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Beyond Anime and Manga, Tokyo Content Showcases Augmented and Virtual Reality

Variety logo Variety 7/2/2017 Mark Schilling
© Provided by Variety

Last week’s Tokyo Content 2017 was an eye-popping demonstration of just how wide-ranging the definition of “content” has become in Japan. With its seven exhibitions and 1,650 exhibitors, the trade show featured the anime, manga and games that have become emblematic of “Japanese content” to the world at large.

But the cavernous exhibition halls were also abuzz with visitors examining and experiencing the latest advances in entertainment technology, particularly in augmented-reality and virtual-reality software and hardware.  At the booth of Hado, which designs entertainment content for Fuji TV, TV Tokyo and other clients, visitors played Hado Shoot, a game in which players wearing VR headsets shot virtual light balls at each other and racked up points by scoring body hits.

Meanwhile, Marza Animation Planet, a CGI animation house affiliated with Sega, offered a VR exhibit inspired by the “Resident Evil” sci-fi/fantasy action series. Visitors tried to thread their way through a 3D battle in an underground corridor without getting blasted.

Courtesy of music producer Grandfunk Inc. and animation studio Koo-ki was “Around the Sound,” an immersive 360-degree VR environment that melded music and colored triangles, cubes and other shapes to entrancing effect.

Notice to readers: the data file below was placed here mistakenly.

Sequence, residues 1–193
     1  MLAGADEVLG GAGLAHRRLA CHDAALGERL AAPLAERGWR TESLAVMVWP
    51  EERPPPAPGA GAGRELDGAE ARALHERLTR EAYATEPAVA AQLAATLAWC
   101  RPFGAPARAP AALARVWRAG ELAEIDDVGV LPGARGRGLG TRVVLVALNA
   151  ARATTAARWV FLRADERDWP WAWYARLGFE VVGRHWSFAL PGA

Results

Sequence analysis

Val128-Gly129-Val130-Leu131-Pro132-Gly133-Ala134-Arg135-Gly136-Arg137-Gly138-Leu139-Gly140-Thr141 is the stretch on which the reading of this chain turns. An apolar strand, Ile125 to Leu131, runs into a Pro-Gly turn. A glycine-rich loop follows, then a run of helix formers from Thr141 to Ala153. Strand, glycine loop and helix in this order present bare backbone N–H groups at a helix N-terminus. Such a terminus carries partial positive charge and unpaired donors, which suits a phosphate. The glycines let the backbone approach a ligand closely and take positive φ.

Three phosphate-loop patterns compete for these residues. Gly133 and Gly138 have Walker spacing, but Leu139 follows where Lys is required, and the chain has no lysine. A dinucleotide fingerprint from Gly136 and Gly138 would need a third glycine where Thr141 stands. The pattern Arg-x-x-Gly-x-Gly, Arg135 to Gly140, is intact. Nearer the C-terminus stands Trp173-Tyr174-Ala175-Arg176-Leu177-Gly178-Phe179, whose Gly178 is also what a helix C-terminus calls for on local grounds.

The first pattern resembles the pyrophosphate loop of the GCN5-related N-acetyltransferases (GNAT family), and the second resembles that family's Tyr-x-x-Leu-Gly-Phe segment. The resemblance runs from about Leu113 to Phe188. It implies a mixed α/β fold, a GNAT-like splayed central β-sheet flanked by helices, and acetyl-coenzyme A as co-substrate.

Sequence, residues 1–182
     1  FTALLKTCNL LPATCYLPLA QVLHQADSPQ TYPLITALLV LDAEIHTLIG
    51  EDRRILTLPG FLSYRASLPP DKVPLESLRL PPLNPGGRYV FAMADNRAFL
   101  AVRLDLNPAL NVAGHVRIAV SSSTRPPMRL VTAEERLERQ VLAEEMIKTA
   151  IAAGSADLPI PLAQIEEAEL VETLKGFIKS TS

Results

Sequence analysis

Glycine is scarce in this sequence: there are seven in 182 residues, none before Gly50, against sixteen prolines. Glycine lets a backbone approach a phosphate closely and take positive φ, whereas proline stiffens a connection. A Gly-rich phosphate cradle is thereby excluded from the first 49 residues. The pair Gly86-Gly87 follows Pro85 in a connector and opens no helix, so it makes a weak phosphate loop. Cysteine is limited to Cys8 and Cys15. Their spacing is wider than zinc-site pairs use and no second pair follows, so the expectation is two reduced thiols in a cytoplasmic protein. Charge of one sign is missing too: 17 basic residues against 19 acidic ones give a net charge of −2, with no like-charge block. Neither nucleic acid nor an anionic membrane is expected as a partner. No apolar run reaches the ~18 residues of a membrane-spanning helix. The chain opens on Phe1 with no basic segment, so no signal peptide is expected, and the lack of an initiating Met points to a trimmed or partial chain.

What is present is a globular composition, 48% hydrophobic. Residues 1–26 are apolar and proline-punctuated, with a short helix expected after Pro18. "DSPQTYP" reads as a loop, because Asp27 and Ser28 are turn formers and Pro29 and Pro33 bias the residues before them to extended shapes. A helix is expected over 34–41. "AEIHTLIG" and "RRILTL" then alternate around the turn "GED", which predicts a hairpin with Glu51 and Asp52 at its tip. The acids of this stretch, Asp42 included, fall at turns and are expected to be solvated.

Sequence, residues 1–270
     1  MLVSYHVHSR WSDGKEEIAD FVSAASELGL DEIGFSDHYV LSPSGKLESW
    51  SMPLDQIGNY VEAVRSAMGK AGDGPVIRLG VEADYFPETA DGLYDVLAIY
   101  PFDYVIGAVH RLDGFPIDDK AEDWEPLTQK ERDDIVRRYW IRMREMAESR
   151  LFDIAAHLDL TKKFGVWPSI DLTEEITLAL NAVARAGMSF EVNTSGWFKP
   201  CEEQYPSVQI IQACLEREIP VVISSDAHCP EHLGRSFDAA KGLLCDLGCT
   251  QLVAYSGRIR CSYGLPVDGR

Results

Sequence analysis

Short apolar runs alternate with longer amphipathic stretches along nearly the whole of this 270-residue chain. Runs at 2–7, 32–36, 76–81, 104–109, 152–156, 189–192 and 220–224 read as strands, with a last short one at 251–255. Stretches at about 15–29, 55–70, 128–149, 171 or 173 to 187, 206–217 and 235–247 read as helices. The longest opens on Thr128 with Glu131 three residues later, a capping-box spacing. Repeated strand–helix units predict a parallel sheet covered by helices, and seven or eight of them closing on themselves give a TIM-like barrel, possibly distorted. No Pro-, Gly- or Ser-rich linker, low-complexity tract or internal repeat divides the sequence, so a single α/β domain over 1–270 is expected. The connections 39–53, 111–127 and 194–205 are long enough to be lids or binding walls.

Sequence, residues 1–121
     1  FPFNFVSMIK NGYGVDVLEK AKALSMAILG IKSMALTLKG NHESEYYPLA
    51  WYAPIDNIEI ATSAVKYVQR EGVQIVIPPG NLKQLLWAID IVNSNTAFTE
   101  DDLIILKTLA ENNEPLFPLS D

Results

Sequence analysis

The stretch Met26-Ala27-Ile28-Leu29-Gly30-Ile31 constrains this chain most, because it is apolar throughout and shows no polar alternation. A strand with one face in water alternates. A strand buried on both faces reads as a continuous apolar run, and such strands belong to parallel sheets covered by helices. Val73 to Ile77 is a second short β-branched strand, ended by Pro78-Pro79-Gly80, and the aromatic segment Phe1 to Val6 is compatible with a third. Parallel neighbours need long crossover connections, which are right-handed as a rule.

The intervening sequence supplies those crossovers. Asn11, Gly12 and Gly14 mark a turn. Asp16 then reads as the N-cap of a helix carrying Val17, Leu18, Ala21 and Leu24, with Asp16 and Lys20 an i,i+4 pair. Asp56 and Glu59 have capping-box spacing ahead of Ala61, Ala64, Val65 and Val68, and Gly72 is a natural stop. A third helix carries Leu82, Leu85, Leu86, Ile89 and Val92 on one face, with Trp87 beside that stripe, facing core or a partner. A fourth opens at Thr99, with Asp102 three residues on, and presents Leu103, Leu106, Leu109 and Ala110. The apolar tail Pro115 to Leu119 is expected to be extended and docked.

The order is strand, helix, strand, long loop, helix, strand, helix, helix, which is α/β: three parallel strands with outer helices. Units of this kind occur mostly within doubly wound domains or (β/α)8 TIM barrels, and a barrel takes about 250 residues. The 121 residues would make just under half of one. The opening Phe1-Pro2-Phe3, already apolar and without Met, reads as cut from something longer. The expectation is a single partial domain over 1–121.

In a keynote address, Naomi Tomita, head of robotics company Hapi-Robo St and chief information officer for the Huis Ten Bosch theme park, said that the ultimate goal for VR development was the “merging of the ‘virtual’ and the ‘real’ as the technology advances.” Calling himself an “analog person,” the 69-year-old executive noted that digital technology still had a way to go before it could duplicate what he described as “the subtlety of analog.”

Not surprisingly, he cited Huis Ten Bosch as an example of that merging. Among the theme park’s current high-tech attractions are a robot-staffed hotel and a VR Center that offers such experiences as a virtual bungee jump and a marriage proposal from a handsome virtual guy inside a “love simulation” booth.

Tomita spoke about Shooting Star, a light show that will unfold nightly at the park from July 22 to Aug. 5. The show features 300 illuminated drones, as well as 3D animation and music.

“It’s a first for Japan,” Tomita said. “This is our way of celebrating Huis Ten Bosch’s 25th anniversary.”

But on both opening and closing nights, the show will be supplemented by a huge fireworks display: in other words, a merging of analog and digital entertainment.

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